Doctor insights on:
Differences Between Schizophrenia And Autism
Severity: In autism social, communication and restricted range of or odd behaviors is characteristic, in asperger's disorder there are social pbms and a restricted range of, or odd behaviors. In schizophrenia, hallucinations and or delusions in the context of impairment is required. There is often someover lap in that perceptual abn can be present to different degrees in all 3. ...Read moreSee 1 more doctor answer
A mental disorder with positive, negative, and cognitive symptoms. A person with positive symptoms loses touch with reality with hallucinations or delusions. Negative symptoms: lack of pleasure; failing to take care of everyday functions; losing motivation; the inability to carry out plans in isolation. Cognitive symptoms could include problems focusing, memory problems or difficulty understanding ...Read more
Recent research : shows that 2% of people with Autistic Spectrum Disorder also have Schizophrenia. http://www.autismspeaks.org/what-autism/treatment/treatment-associated-psychiatric-conditions has info on early prenatal conditions & genetic mutations shared by both conditions. Depending on patient's age, seek referral from PCP to a child & adolescent or adult psychiatrist. NAMI, (800) 633-3760, will have resources. ...Read more
Communication.: Schizophrenia is a mental disorder characterized by a breakdown of thought process and by lack of emotional response.It is accompanied by significant social and occupational dysfunction.Typically occurs in young adulthood. Autism is a disorder of neural development characterized by impaired social interaction and verbal and nonverbal communication.Symptoms becomes apparent before 3 yrs of age. ...Read more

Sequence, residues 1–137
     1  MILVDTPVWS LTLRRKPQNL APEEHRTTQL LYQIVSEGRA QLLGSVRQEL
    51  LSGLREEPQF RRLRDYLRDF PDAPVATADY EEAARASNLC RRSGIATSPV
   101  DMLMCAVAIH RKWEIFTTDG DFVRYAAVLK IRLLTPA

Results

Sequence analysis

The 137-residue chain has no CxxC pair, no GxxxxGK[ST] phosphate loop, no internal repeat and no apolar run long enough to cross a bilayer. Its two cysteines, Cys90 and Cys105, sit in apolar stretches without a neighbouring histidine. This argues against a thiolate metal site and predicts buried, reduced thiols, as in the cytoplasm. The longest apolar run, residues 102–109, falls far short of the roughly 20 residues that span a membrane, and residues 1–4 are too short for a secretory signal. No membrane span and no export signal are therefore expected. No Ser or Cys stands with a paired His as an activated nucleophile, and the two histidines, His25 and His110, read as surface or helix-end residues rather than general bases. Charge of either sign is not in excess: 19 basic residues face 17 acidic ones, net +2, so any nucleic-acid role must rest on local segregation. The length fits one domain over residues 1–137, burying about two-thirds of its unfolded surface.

Active research: There does seem to be an increased risk for schizophrenia in the autistic population and there are been some genetic markers identified that share some similarity in the two disorders. Having said that the majority of patients with autism will not develop schizophrenia and vice versa. As our understanding of genetics increases we will hopefully learn more about cause, treatment, and prevention. ...Read more
No relationship: There is no relationship apparent between autism and schizophrenia. Autism is a neurological disorder first found in childhood and follows a predictable path. Schizophrenia onset is more likely to occur in the teens and can be brought under good control with medications. There are many factors that need to be considered when treating for this disorder and both require supportive families. ...Read more
A recent study from : Ireland published in " Molecular Psychiatry" identified mutations in genes that control epigenetic regulation, the process by which experience & environment alter the function ( but not structure or sequence) of genes, that increase susceptibility to both schizophrenia & autism by the same mechanism. This appears to be one of many genetic "set-ups", or the basis for some cases of Autism. ...Read more
Stigma: I'm afraid to say that it is a part of the stigma associated with mental illness in general. You have those who refuse to believe in a diagnosis of autism or schizophrenia alone. Let alone comorbid diagnoses. I would suggest to suffer those folks with dignity and maintain an open mind regarding mental illness. ...Read moreSee 1 more doctor answer
Autism/schizophrenia: There are clinical similarities between autism and schizophrenia. According to NIH, risk genes for schizophrenia and autism conspicuously activate in the same neuronal neighborhood of the brain’s cortex, or outer mantel, during infancy. This suggests some related underlying illness processes – even though known genetic variations associated with the disorders overlap by only 5 percent. https://www.nimh.nih.gov/news/science-news/2016/schizophrenia-autism-risk-gene-trajectories-point-to-shared-causes.shtml ...Read more